Everton vs Burnley analysis: How the Clarets formulated another impressive away display

Burnley have heaped the pressure on Ronald Koeman going into the international period after a contest that featured two contrasting styles.

Everton vs Burnley analysis: How the Clarets formulated another impressive away display
Koeman lost the tactical battle to Dyche (photo: Getty Images/Robbie Jay Barratt)

One of the most intriguing stories of the weekend unfolded at Goodison Park. Going into the match with his job appearing to be under pressure, Ronald Koeman saw his Everton side fold again to leave them a lowly 16th in the Premier League.

Panic sets in for the hosts as pressure weighs them down from the first whistle

Koeman had clearly ignited the side during the pre-match team talk and Everton came flying out the blocks. With Oumar Niasse clearly enjoying a new lease of life after his crucial double against Bournemouth, Everton set about trying to settle the nerves with an early goal.

Yet their offensive attitude often appeared rushed and inaccurate as their threat gradually began to filter away. Niasse drifted left and Dominic Calvert-Lewin was attracted to the right as Everton faced a familiar problem of having no target striker despite starting with what appeared to be a 4-4-2 system.

In contrast, Burnley were much more disciplined and composed in their approach on the ball. They formulated no less than 24 passes between nine players before Jeff Hendrick opened the scoring. The Clarets had barely put a foot out of place when defending in numbers against the early Everton onslaught but the hosts were guilty of two mistakes when they conceded and were duly punished.

Nikola Vlasic showed his defensive frailties by letting Stephen Ward drift in behind before Morgan Schneiderlin made a mockery of himself by diving in needlessly to allow Hendrick to create room for himself.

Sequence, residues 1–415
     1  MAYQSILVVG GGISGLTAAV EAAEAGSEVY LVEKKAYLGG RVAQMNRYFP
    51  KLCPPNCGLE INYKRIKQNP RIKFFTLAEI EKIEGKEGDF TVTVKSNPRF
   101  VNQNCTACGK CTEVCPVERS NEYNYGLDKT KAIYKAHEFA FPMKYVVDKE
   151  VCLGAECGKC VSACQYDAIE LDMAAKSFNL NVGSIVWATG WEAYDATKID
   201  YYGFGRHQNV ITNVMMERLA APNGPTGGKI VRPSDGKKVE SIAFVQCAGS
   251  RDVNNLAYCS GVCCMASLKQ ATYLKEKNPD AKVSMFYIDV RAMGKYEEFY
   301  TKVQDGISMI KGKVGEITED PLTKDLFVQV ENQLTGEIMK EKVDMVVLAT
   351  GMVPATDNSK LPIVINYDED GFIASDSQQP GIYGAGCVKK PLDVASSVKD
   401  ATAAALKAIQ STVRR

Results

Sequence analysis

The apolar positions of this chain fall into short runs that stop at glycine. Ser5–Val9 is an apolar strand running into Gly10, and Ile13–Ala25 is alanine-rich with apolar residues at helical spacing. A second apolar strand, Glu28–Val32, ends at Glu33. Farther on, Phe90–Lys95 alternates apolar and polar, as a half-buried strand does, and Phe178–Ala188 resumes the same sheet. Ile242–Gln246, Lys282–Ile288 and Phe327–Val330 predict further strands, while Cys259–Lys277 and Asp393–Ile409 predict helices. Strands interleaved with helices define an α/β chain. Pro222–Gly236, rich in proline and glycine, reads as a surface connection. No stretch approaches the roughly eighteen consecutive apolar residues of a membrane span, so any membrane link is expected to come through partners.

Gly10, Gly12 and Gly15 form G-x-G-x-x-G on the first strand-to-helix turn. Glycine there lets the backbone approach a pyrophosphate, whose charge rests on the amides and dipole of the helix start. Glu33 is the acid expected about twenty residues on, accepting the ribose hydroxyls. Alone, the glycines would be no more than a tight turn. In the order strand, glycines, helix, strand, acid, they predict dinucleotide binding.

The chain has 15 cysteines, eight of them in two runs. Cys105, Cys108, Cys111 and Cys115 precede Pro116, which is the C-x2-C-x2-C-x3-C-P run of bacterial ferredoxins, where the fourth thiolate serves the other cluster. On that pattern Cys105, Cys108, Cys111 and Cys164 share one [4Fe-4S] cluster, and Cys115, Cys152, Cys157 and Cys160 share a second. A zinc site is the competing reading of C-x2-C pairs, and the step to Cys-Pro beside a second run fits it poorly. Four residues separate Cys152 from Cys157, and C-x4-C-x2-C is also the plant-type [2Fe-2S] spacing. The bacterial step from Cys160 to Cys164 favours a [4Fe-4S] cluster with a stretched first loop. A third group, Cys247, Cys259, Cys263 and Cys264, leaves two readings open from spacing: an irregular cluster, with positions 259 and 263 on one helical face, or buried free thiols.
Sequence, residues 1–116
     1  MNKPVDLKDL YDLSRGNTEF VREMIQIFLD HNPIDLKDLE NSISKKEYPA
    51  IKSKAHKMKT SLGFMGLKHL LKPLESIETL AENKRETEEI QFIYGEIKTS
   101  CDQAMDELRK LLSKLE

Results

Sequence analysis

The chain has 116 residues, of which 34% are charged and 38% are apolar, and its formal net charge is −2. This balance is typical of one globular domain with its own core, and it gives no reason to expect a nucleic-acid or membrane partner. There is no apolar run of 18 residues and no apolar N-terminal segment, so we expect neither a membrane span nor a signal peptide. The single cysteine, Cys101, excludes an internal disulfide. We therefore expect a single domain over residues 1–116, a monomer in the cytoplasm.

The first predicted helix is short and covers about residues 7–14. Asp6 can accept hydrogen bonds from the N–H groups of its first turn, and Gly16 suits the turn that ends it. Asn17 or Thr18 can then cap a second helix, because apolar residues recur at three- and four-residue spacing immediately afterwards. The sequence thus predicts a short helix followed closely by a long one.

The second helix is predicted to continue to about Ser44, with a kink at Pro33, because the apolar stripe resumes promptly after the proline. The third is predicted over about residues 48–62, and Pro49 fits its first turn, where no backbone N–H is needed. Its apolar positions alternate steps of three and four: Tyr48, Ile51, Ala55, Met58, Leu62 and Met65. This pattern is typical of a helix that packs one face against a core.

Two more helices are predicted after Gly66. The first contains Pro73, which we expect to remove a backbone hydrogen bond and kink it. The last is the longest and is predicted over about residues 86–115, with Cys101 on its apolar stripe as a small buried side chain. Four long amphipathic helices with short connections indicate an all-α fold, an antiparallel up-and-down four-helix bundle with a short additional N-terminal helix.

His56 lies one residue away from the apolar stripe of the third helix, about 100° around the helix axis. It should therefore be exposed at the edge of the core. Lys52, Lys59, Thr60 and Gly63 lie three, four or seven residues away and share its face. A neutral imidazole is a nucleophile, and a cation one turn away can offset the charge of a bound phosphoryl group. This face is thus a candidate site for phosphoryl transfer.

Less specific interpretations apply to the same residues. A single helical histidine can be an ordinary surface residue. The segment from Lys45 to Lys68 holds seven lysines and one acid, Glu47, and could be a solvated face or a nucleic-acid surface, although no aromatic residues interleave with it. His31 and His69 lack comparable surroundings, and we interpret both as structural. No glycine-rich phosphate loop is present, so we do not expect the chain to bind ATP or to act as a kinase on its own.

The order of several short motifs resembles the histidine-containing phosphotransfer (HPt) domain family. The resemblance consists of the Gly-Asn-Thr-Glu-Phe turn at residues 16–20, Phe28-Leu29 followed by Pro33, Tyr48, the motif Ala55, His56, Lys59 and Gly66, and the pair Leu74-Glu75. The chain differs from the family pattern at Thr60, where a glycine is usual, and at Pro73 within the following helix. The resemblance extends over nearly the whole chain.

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No Plan B as familiar problems surface again for Everton

The goal not only put Everton behind but also showed a limited foundation of alternative options. Home players were regularly seen ushering their teammates into new positions as a lack of movement off the ball limited short passing options. The hosts were thus forced to go long which was meat and drink for the Burnley defence.

Everton went 4-4-1-1 after the break to try and get Calvert-Lewin between the lines. Yet even when Wayne Rooney and Tom Davies were introduced to the contest, the hosts were bereft of creativity and struggled to create any chances of note. Quite ironic considering how many attacking midfielders Koeman has at his disposal.

However, nothing can be taken away by the fantastic organisation that is common-place these days in Sean Dyche’s Burnley outfits. Sitting with a back four closely monitored by Jack Cork and another bank of four just in front, the visitors made it difficult for their opponents to break them down. On the odd occasion where Cork was bypassed, James Tarkowski was in great form to deliver another impressive display.

Further irony was presented by the fact Michael Keane, who Tarkowski has replaced at the heart of the Burnley defence, could not cope with Chris Wood despite having strength in numbers alongside Ashley Williams. Wood was able to hold the ball up and force mistakes on regular occasions, particular from Williams who looks a shadow of his former self this season.